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 Post subject: Overlooking the little things at your operation/museum?
PostPosted: Sun Dec 17, 2017 3:09 pm 

Joined: Tue Jan 25, 2005 4:03 pm
Posts: 725
Zip ties. Duct tape. Damaged signage. Signage with typos. No signage. Gaudy caution tape. Broken steps.

I think it's easy for organizations to get complacent in appearances - for many it's enough just to survive. I was surprised by how visible the seams were at a recent visit to a railroad museum. It's common to make a "running repair" on a display or exhibit, but reminded me how the little things make the big impressions.

Of course, reminders on how restricted places can be when it comes to people, money and hours each time we bring people in our Butler building with a 2-8-4 inside. Over the years we've added and improved signage, installed donation boxes, set up semi-permanent and moveable exhibits -- and right now a G-scale and Lionel train are operating inside a locomotive cab that was recently repainted and taking up space on the shop floor. We're in a building that was never designed for people - only trains, so the laundry list of improvements is endless - at least until we have a roundhouse.

What are your experiences with the little things that can hold a place back from being really great?

What are your remedies and creative solutions for elevating the little things that help improve the customer experience?

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Kelly Lynch
Vice President
Fort Wayne Railroad Historical Society, Inc
http://www.fwrhs.org


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 Post subject: Re: Overlooking the little things at your operation/museum?
PostPosted: Sun Dec 17, 2017 4:16 pm 

Joined: Sun Aug 22, 2004 7:25 pm
Posts: 1826
Quote:
What are your experiences with the little things that can hold a place back from being really great?


The collection of "projects" on the backlot detracts from the overall curb appeal of a railway museum. Especially if/when the weeds and brush grow up in/around the area. Decayed blue tarps are also a detraction.

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What are your remedies and creative solutions for elevating the little things that help improve the customer experience?


At National Capital Trolley Museum we have had success creating temporary/rotating exhibit panels using vinyl banner material.

Wesley


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 Post subject: Re: Overlooking the little things at your operation/museum?
PostPosted: Sun Dec 17, 2017 5:53 pm 

Joined: Fri Jan 09, 2009 10:08 am
Posts: 93
Location: Johnstown, PA
An action item list and some folks who can be the quick reaction force to get them taken care of.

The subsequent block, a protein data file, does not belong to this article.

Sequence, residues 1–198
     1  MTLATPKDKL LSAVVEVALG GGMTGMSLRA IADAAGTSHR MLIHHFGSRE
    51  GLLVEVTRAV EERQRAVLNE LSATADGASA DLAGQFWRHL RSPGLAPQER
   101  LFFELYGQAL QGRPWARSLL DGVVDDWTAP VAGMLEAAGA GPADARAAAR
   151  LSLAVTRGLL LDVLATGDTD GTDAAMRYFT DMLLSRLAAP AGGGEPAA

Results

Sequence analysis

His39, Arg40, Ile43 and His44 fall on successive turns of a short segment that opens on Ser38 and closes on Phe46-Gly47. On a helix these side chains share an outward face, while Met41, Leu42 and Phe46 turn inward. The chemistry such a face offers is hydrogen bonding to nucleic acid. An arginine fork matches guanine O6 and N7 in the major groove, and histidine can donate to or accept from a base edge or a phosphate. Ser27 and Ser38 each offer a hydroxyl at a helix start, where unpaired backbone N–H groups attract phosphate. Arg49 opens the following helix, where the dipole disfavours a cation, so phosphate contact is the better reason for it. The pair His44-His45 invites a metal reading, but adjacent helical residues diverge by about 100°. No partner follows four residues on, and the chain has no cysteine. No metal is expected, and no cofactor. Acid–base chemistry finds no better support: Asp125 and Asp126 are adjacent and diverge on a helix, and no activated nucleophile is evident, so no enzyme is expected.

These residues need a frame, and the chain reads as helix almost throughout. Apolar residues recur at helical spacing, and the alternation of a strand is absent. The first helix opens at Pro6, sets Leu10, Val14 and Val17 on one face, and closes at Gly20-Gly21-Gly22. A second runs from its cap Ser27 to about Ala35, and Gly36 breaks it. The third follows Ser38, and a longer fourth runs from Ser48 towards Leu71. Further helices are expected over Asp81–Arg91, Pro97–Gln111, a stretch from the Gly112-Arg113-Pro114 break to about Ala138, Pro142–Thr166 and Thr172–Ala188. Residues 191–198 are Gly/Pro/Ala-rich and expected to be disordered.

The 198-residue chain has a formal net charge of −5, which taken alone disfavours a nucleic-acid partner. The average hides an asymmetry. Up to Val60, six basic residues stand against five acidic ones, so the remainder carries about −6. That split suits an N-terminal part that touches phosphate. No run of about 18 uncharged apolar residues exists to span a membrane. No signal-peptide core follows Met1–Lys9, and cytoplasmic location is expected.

We have regular work days where we take on large projects that need a crew, materials purchased/staged and proper prior planning for execution.

But it is also good to have folks that work by themselves or want to come in on an off day and sometimes it is hard for them to see what needs done. But a list on a clipboard or bulletin board can help direct and focus them......(Oh, I have a couple of hours, I can't go out on the track crew all day, but I CAN install that missing handrail, paint the picnic table, change the broken light bulb....etc etc.)

We're not perfect and have a LONG WAY to go, but I keep thinking we are on a journey of continuous improvement, sometimes small increments, sometimes large increments!!


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 Post subject: Re: Overlooking the little things at your operation/museum?
PostPosted: Sun Dec 17, 2017 9:37 pm 

Joined: Sun Aug 22, 2004 11:26 am
Posts: 3785
Location: Maine
Blistered paint on something that stands out front, rotted or fractured wood hanging down, piles of asbestos pyramiding on the ground. Scattered piles of debris, old 50 gal. drums, used caution tape flapping in the breeze, unused motor vehicles sitting on flat tires and no hope of restoring or using them.

This list can go on for reams.

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"It's only impossible until it's done." -Nelson Mandela


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 Post subject: Re: Overlooking the little things at your operation/museum?
PostPosted: Mon Dec 18, 2017 1:07 am 

Joined: Wed Jan 20, 2016 1:15 pm
Posts: 69
The little things can make such a HUGE impact on a customer (aka potential ambassador, member, long time customer, etc.).

When you walk up to buy a ticket / pay admission, are you greeted with professional looking signage that lists and explains the pricing for admission? Or are you greeted with a confusing spattering of papers that have a bunch of "no refunds" "coupons must be presented at time of purchase" and poorly photo-copied flyers of upcoming events?

When you buy a ticket are you given a map, or information that lets you know what there is to see and do on that particular day? A common complaint I have when visiting railroads is not knowing where I can and can't go on a property.


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 Post subject: Re: Overlooking the little things at your operation/museum?
PostPosted: Mon Dec 18, 2017 10:06 am 

Joined: Thu Oct 21, 2004 7:24 am
Posts: 488
Location: Canada
At one time I was an assistant curator of a large museum, and among other things we did surveys of what visitors thought was important. The most common answer we got was clean bathroooms. It wasn't the size of the collection, the rarity of the pieces, the period costumes or authenticity that determined repeat visits, it was clean bathrooms...let that sink in for a minute. No matter how many pieces you have, how nicely they are displayed, how much signage was in place, if the bathrooms weren't spotless, John Q.Public was not going to make a return visit.


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 Post subject: Re: Overlooking the little things at your operation/museum?
PostPosted: Mon Dec 18, 2017 10:50 am 

Joined: Sat Aug 21, 2004 10:50 pm
Posts: 116